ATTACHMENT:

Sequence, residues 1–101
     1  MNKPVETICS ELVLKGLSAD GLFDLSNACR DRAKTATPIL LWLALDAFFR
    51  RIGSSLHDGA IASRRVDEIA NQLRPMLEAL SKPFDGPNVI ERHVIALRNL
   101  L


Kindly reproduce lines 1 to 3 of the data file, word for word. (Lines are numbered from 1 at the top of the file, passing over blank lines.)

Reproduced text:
Sequence, residues 1–101
     1  MNKPVETICS ELVLKGLSAD GLFDLSNACR DRAKTATPIL LWLALDAFFR
    51  RIGSSLHDGA IASRRVDEIA NQLRPMLEAL SKPFDGPNVI ERHVIALRNL